Tuesday, February 22, 2011

Name Game: Heinrich House Seat Suddenly In Play, Plus: Humbling Hanna; Education Lobby Strikes, And: Alligators To John Sanchez: Show Us The Money 

Time for the name game for the ABQ congressional seat. Expectations are that Dem US Rep. Martin Heinrich will eventually announce he is indeed seeking the 2012 US Senate nomination, putting his House seat up for grabs. Who are the players? Let's kick if off with the D's.

Dem State Rep. Al Park is on most lists. He's indicated he would like to run for the Public Regulation Commission in '12, but if Heinrich leaves, expect Park to change direction and seek the seat.

New Bernalillo County Commissioner Michelle Lujan Grisham ran against Heinrich for the Dem nomination in 2008 and lost. If he leaves, the odds are she will be back for a second try next year.

Public Regulation Commissioner Jason Marks is also on the list of lookers. His second term on the commission ends next year. Former ABQ Public Safety Director Pete Dinelli could make a go of it, but isn't of a mind to. He's eyeing the 2013 ABQ mayoral race.

State Senator Tim Keller is also toying with the idea of running for ABQ Mayor in 2013, but an open slot in the US House will get his attention. Put him on the list, even though he would have to give up his ABQ SE Heights senate seat to make the House bid. Ditto for Senator Eric Griego.

How about Lawrence Rael who ran for Lt. Governor last year? He's available.

Diane Denish says she wants to look at the Senate race, but she could also make a splash as a US House candidate.

He lost it in '96 but attorney and former NM Dem Party chair John Wertheim could make a run of it, but he says attorney general in '14 is on his mind.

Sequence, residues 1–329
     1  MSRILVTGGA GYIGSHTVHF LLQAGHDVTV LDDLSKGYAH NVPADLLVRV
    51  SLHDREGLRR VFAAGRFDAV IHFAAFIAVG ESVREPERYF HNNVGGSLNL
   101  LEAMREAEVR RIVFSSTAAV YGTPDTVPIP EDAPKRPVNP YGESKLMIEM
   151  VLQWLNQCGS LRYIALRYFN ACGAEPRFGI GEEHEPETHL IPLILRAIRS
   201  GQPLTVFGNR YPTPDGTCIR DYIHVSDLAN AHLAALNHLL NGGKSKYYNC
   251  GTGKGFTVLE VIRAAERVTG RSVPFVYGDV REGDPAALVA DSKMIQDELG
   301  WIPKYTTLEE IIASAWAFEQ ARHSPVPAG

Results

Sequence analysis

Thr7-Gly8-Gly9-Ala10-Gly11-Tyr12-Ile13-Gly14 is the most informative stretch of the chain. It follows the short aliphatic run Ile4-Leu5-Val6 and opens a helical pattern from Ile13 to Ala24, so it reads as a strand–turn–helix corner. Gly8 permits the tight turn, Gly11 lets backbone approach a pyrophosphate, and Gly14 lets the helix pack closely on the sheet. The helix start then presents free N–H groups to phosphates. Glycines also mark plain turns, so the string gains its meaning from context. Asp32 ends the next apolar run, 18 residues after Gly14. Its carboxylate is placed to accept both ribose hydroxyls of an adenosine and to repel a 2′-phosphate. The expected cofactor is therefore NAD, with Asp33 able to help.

On the Republican side, the Alligators are already speculating about a possible battle for the GOP House nomination between ABQ City Councilor Dan Lewis and Jon Barela, now the state economic development secretary who lost to Heinrich in a close race last year. Lewis has already formed an exploratory committee. Will Susana let Jon run? And what about Janice Arnold-Jones? The former state rep has weighed a House run in the past. Maybe she takes a look.

State Senator Kent Cravens probably won't, but he could.

If Heinrich hops to the Senate, there will be more names surfacing, but the ones listed here should keep the conversation going over today's enchilada lunch.

There's nearly zero chance that the nomination of Public Education Secretary Hanna Skandera will be rejected by the state Senate, but Majority Leader Sanchez sent her a message by questioning whether she meets the Constitutional qualifications for the office. You need to be a "qualified, experienced educator." Skandera isn't a teacher, but she is an an administrator.

Skandera and the Guv are upsetting the educational apple cart, especially the way Susana has been pushing for bureaucratic cost savings at ABQ public schools. Is that one reason for the push against Skandera?

If so, maybe the Guv ought to talk to the secretary about that proposal to split up APS into two manageable districts. That might make for a good coffee conversation between the Guv, Senate Leader Sanchez and Senate Rules Committee Chairman Linda Lopez, where Skandera's nomination will first go. The last we we looked, the state secretary of education has the power to create a new school district when she decides it is in the public interest.


The education lobby remains strong in Santa Fe. One of of our Senior Alligators monitoring the Roundhouse action has the latest:

House Democrats had a three hour caucus Monday afternoon. Expect changes in the state budget approved Friday by the House Appropriations and Finance Committee before it wins final House approval. Speaker Lujan is making deals with some of his Dems to get the votes he needs to avoid dealing with the Republicans. One of the key changes appears to be to lessen the cuts to the public school budget.

There are 36 Dems, 33 R's and one independent in the House. A majority is 35 so the speaker needs to hold just about all his Dems to avoid having to ask for GOP support.